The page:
Famine becomes latest threat in bombed-out north Gaza

AFP , Saturday 17 Feb 2024

Like many in northern Gaza, the area devasted by Israel's war, Shadi Jenina has resorted to desperate measures to stave off hunger for his five children -- grinding up animal feed into flour.

Palestinians search for survivors after an Israeli airstrike on buildings in the refugee camp of Jabalia in the Gaza Strip. Photo: AFP


"We're looking for food for birds, animals and livestock... such as barley, corn, wheat and fodder. We grind them and make flour," Jenina, 40, explained.

"The bread is dry and not suitable for humans but we're forced to eat it," he told AFP, adding they struggle to feed their children.

The Gaza Strip was already one of the poorest places in the Middle East even before Israel declared a complete siege on the territory after Hamas's October 7 attack.

Though much of Gaza was reliant on food aid, enough of it was entering the territory to largely meet the needs of its 2.4 million inhabitants.

But now, after more than four months of war that has flattened huge swathes of the Strip, Gazans are inching closer towards famine, according to the UN's World Food Programme.

And the situation in the north of the coastal territory is particularly acute, with international aid agencies unable to get in.

Pure misery

Since the start of this year, Israel has only given permission to 12 out of 77 United Nations evaluation missions to assess the needs of people in northern Gaza.

"There are about 300,000 people in the north and I have no idea how they've survived," said Andrea De Domenico, head of the UN humanitarian agency OCHA in the Palestinian territories.

"What we managed to bring up there is absolutely not enough. It is pure misery," he told AFP.

"Repeatedly when we are allowed to cross the checkpoint at Wadi Gaza to deliver food assistance, thousands of people block and unload the trucks at the risk of being shot."

In the last few days, the non-profit organisation World Central Kitchen, which made thousands of meals a day, said it had been forced to leave Gaza City for Rafah in the south.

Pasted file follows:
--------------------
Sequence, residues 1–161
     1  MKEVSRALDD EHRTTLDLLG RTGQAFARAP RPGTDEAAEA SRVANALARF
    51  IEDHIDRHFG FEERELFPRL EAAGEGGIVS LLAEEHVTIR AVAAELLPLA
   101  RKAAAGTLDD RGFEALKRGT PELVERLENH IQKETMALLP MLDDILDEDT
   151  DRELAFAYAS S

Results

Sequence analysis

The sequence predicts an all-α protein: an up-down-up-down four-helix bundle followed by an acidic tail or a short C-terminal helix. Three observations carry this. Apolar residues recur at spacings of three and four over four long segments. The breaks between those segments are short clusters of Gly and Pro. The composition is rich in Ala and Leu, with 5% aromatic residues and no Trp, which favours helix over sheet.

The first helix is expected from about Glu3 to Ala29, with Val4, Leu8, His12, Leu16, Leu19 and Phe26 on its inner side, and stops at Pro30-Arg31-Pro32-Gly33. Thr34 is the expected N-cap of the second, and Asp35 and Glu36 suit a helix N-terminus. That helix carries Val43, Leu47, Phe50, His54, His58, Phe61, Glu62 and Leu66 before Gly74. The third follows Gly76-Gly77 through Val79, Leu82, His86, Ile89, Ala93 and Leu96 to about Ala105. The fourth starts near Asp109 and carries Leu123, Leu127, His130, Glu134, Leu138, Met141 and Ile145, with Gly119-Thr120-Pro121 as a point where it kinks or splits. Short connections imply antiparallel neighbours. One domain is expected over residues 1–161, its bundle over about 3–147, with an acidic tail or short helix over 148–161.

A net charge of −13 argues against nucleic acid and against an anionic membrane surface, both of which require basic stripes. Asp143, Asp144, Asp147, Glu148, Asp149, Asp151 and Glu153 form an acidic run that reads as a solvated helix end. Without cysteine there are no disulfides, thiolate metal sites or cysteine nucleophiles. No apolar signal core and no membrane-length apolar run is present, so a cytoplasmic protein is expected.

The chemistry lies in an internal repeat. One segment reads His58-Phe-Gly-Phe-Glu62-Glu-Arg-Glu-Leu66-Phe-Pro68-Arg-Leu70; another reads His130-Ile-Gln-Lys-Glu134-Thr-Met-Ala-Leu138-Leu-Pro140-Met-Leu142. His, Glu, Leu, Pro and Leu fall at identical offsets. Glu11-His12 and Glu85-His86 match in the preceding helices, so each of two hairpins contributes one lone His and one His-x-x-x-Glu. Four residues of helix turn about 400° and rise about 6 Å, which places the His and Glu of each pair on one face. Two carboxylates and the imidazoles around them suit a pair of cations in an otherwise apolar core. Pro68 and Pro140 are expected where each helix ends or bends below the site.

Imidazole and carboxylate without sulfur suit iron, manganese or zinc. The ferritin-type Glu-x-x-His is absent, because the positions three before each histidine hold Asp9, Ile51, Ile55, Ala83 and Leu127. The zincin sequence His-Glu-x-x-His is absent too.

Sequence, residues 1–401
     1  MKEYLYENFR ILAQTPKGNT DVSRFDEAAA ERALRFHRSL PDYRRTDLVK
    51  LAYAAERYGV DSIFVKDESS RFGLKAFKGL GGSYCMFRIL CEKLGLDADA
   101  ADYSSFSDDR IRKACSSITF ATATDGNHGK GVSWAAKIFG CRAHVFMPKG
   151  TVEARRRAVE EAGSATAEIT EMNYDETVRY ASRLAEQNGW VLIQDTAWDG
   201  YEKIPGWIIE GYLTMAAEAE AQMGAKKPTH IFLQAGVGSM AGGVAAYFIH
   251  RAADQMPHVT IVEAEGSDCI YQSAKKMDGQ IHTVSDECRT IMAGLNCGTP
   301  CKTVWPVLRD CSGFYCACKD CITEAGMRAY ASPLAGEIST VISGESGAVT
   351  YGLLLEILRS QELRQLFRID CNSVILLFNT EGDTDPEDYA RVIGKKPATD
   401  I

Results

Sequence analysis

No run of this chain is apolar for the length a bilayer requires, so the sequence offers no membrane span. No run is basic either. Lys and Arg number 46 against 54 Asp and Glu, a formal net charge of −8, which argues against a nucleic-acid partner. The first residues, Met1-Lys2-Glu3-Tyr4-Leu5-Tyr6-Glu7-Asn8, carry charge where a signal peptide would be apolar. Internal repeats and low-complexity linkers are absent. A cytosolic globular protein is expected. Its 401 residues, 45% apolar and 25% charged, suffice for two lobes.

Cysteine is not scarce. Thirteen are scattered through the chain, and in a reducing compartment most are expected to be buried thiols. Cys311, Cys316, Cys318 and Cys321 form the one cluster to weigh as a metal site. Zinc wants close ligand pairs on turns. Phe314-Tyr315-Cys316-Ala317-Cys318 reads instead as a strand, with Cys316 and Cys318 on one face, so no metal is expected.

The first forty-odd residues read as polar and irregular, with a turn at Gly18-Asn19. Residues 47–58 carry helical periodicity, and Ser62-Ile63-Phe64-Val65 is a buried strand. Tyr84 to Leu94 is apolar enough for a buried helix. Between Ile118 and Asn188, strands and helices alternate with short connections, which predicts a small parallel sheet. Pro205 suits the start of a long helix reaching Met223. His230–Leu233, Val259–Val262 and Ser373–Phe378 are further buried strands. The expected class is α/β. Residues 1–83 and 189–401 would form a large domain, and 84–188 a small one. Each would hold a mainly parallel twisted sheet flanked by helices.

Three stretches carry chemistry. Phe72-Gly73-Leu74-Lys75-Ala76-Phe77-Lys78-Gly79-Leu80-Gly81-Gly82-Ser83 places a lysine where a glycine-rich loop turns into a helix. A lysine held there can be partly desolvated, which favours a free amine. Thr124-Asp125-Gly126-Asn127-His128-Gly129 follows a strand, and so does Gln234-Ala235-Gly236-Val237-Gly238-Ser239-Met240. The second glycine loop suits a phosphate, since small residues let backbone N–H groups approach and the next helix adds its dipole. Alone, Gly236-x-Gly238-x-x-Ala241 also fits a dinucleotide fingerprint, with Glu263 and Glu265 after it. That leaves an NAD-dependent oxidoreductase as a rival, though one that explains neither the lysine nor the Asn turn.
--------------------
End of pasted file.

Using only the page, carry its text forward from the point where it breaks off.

Rafah, on the border with Egypt, has been turned in recent weeks to a vast camp for some 1.4 million people -- most of them displaced by Israel's relentless bombing.

Israel, though, is preparing a ground invasion of Rafah, prompting fears of a bloodbath.

Back north? 

The question now is how to move more than a million people back towards the north to prevent them getting caught up in fighting.

"This is a question we are asking ourselves," said OCHA's De Domenico.

"There is no short-term solution... what's clear for the short term is that a ground invasion in Rafah would have dangerous consequences."

Before the war, some 500 trucks carrying a range of goods entered Gaza every day. Since then, the numbers rarely go beyond 200, despite the enormous demand.

Israel has tightened checks on lorries coming into the territory, restricting the flow of aid.

At the same time, extremists Israeli groups have blocked trucks at the entry point to Gaza, while the UN also has to have explosives experts on board because of unexploded ordnance in the north.

"We're going to die from hunger, not by bombs or missiles," said Mohammed Nassar, 50, from Jabalia in northern Gaza.

"The biggest problem is that everything that is available is expensive and we don't have the money."

The price of one kilogram of tomatoes, for example, has shot up past 50 shekels (nearly $14) -- more than 20 times its cost before the war.

Flour has doubled in price from 35 to 70 shekels, he added.

"We need food now," said Nassar. "Children are dying from hunger. How is this our fault or theirs?"

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